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© 1984 S. Kargcr AG. Basel
0025-7931/84/0461 -0026 S 2.75/0
Respiration 46: 26-32(1984)
Pulmonary Haemodynamics at Rest and during Exercise in
Patients with Sarcoidosis
Jartusz Gtuskowski, Iwona Hawrylkiewicz, Dobiesfaw Zych. Andrzej Wojtczak,
Jan Zielinski
Second Department of Medicine, Institute of Tuberculosis, Warsaw, Poland
Key Words. Pulmonary sarcoidosis • Pulmonary haemodynamics • Physical exercise •
Lung function data
Sarcoidosis is a granulomatous disease
or syndrome of unknown origin. In the
majority of cases it resolves spontaneously
or after steroid therapy. However, in
about 10% of patients the disease is not
treated or, despite treatment, is progress­
ing into a chronic form with development
of diffuse fibrotic changes leading to re­
spiratory failure and pulmonary hyperten­
sion [I, 17].
It is well known that in patients with
sarcoidosis there is no close correlation
between radiological changes and disturb­
ances in pulmonary function. Small gran­
ulomas, barely discernible on chest radio­
grams, disseminated in the lung parenchy­
ma, can sometimes produce greater pul­
monary functional impairment than easily
visible infiltrations [14]. It seems probable
that the same is true as far as the involve­
ment of pulmonary vessels in granuloma­
tous lesions is concerned. Pulmonary
function in sarcoid patients has been stud­
ied extensively [8-11, 13], but there are few
works on pulmonary circulation. They
were based on a small number of patients
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Abstract. Pulmonary haemodynamics at rest and during exercise was studied in 30
patients with histologically confirmed sarcoidosis. All subjects were divided into three
groups according to the stage of the disease assessed by radiological image of pulmon­
ary lesions. At rest, in stage I and II patients, the mean pulmonary pressure (P.\p) was
normal. In stage III patients, a slight pulmonary hypertension was found. During exer­
cise, a rise in Pap in stage I and II subjects was within the normal limits for a given work­
load, although in individual stage II subjects a rise in PAp was abnormally high. In all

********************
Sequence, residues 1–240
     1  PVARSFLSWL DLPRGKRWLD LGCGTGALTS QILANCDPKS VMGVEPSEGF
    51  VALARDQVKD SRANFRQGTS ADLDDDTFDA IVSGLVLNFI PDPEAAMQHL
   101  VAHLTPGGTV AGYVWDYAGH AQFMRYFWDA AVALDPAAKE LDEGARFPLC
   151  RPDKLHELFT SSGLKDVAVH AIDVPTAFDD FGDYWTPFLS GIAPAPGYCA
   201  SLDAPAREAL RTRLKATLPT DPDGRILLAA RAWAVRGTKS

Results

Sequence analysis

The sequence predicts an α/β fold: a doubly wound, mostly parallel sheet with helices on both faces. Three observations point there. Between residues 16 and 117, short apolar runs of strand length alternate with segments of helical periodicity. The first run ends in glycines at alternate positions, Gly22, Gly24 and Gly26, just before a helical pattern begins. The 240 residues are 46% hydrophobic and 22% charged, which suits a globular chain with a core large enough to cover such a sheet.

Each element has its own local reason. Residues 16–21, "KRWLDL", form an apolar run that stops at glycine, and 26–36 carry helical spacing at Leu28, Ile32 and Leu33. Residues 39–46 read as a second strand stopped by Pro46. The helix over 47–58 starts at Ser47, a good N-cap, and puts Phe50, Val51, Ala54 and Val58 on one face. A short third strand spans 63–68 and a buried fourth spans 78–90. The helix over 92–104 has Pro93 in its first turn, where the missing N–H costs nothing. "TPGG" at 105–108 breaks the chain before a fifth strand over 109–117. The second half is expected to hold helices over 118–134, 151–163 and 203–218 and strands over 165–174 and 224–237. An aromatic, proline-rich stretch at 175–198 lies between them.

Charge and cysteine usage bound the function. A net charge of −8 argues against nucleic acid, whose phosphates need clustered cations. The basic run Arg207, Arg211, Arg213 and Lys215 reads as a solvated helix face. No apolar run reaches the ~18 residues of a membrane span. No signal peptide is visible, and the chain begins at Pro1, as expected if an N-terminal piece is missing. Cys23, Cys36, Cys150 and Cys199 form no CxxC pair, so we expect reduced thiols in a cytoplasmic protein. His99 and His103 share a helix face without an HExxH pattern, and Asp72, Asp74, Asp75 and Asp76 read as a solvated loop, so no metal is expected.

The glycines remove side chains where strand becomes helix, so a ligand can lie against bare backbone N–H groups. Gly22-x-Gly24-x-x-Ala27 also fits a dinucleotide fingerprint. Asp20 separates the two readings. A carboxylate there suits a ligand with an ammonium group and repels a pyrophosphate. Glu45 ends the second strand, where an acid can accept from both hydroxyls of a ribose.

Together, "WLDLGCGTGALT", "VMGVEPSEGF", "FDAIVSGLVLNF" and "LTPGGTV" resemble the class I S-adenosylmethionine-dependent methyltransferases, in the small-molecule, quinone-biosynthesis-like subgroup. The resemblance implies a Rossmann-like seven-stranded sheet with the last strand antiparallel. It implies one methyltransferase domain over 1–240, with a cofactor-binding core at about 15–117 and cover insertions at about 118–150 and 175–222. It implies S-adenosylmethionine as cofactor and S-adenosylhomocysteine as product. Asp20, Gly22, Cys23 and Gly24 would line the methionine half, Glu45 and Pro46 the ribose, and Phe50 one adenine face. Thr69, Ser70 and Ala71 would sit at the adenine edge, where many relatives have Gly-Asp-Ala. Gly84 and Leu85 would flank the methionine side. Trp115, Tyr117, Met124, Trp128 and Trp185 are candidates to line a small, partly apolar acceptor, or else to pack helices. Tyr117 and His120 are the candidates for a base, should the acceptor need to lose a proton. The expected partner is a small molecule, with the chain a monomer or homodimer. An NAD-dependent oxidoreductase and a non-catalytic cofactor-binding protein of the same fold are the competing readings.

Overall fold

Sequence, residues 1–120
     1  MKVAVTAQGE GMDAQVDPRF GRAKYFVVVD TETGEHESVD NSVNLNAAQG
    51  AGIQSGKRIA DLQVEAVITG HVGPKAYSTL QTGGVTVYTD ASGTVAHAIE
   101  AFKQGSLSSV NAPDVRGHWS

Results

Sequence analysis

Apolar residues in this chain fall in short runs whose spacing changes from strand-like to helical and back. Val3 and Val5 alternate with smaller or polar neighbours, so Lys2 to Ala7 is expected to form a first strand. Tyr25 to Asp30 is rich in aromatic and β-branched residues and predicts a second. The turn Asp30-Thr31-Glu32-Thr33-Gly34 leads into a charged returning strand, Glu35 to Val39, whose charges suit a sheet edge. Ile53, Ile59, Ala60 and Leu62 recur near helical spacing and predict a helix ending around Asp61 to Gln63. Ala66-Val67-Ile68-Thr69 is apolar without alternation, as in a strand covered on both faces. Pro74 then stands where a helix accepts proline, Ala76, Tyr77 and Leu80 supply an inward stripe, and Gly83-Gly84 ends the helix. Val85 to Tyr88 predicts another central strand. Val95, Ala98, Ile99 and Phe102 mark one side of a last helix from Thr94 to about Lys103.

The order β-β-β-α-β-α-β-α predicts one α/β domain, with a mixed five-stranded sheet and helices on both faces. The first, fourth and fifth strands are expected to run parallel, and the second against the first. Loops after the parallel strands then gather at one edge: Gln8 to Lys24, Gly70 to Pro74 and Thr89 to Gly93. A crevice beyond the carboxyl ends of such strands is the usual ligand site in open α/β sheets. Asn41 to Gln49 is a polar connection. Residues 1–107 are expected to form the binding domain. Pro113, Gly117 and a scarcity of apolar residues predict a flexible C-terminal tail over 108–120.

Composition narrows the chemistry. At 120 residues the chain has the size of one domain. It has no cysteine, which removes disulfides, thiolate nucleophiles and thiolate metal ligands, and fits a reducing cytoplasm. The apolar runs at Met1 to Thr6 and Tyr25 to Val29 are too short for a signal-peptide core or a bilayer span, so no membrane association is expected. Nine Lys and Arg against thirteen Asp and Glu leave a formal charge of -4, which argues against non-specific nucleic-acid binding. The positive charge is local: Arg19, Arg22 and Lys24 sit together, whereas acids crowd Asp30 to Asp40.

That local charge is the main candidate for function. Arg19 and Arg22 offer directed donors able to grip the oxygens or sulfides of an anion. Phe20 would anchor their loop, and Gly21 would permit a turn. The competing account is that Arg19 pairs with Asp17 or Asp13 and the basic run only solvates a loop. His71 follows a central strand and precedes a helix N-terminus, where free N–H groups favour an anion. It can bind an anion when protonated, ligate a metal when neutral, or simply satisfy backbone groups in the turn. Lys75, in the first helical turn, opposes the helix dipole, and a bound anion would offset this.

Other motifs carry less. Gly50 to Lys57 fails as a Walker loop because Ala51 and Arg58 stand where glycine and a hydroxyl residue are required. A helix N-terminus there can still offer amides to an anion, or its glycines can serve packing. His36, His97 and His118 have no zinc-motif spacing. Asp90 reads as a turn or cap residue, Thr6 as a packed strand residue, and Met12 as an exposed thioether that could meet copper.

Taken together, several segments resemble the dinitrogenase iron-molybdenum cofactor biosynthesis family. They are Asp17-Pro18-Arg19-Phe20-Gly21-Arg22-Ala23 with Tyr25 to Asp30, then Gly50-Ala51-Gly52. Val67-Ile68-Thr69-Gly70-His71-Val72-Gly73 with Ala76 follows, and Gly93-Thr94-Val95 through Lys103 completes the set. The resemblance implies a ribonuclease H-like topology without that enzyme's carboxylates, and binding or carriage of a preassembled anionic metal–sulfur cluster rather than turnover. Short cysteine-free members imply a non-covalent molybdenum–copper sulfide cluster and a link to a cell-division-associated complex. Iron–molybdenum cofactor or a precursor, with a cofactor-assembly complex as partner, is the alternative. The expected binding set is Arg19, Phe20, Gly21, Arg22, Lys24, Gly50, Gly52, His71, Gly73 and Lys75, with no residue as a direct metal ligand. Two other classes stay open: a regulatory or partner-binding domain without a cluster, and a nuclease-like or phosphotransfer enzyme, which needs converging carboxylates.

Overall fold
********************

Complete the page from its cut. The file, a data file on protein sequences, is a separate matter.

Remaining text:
stage III patients a rise in Pap was pathologically elevated.
Pulmonary Haemodynamics in Patients with Sarcoidosis
Table I. Pulmonary function in studied patients
Stage 1
Stage 11
Stage 111
of differences
VC, litres
5.0 ±0.9
4.5 ± 1.5
3.4 ± 1.5
I-II1 p< 0.0l
VC % N
96 ± 10
91 ±22
68 ±24
I-III p< 0.0l
I1-1II p < 0.05
FEV,, litres
4.0 ± 0.7
3.4 ± 1.1
2.3 ± 1.2
I-III p< 0.0l
FEV,, % N
80 ±9
78 ± 12
68 ± 14
I-III p < 0.05
CJ)n. ml/cm H ,0
218 ± 67
179 ±49
122 ± 58
I-III p<0.01
II-III p < 0.05
C„, ml/cm H, O
229 ±58
202 ± 56
152 ±72
l-IIl p < 0.05
39 ± 17
34 ± 14
39 ± 13
P« nu»'Cm H ,0
VC = Vital capacity: VC % N = vital capacity, % of normal value; FEV, = forced expiratory volume in I s:
FEV, % N “ forced expiratory volume in I s, % of predicted value; Cdyn —dynamic compliance; C„ = static
compliance; P„ max= static elastic recoil pressure; NS = differences not significant. Mean values ± SD.
Material and Methods
Pulmonary haemodynamics at rest and during
exercise were studied in 30 patients with histological­
ly confirmed sarcoidosis. Diagnosis was established
by different biopsy techniques (lymph node, bron­
chial mucous membrane, lung tissue) an d /o r by pos-
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studied at a rather late stage of the disease
[4 , 12, 15, 16].
The aim of this investigations was to
study pulmonary circulation at rest and
during exercise in different stages of pul­
monary sarcoidosis.
Blood gases and haemodynamic data in studied patients, at rest (A) and at the 7th min of exer-
significance of
X 89
SD ± 15
all differences
not significant
X 19
SD ± 3
IB-IIIB p <0.05
X 5.95
SD ±2.I
mm Hg
I A—111A p<0.05
11A—111A p <0.05
P a0 2,
mm Hg
X 84
IB-IIIB p <0.01
IIB-IIIB p < 0.01
mm Hg
X 33
SD ± 4
IB-IIIB p <0.05
X 4.3
all differences
not significant
Heart rate
r AP»
mm Hg
4 f* A IV
itive Kveim test. All subjects were divided into three